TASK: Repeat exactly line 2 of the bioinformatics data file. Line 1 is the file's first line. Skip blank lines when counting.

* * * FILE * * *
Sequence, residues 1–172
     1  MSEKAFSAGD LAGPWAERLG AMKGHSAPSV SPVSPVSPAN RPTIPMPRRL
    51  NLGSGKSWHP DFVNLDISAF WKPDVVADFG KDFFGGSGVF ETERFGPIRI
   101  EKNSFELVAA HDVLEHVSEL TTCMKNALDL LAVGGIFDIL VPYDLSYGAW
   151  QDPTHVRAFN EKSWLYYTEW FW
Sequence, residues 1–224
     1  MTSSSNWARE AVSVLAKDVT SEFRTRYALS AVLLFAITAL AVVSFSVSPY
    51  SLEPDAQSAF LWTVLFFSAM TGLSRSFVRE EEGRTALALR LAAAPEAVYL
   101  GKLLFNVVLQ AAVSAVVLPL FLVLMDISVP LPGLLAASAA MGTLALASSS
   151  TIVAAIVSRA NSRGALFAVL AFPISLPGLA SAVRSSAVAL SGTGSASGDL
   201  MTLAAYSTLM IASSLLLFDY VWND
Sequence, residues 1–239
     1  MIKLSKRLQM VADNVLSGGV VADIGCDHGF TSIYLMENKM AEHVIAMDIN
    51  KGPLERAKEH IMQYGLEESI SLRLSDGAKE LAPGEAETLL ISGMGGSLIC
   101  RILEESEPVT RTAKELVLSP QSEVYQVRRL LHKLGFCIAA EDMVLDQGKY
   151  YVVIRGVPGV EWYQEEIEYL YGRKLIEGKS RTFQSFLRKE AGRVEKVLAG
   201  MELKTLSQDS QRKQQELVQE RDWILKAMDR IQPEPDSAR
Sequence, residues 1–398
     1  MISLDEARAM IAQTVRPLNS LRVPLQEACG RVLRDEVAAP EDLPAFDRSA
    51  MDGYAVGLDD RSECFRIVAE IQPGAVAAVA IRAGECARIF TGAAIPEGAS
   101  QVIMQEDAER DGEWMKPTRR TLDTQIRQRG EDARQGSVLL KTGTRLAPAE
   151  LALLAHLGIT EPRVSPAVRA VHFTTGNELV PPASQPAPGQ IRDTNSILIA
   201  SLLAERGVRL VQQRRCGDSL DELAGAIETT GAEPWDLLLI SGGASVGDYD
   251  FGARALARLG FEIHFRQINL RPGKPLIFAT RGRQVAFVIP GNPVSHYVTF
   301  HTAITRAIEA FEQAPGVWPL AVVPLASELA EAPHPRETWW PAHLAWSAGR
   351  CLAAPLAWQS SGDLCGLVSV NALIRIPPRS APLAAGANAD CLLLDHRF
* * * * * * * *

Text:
     1  MSEKAFSAGD LAGPWAERLG AMKGHSAPSV SPVSPVSPAN RPTIPMPRRL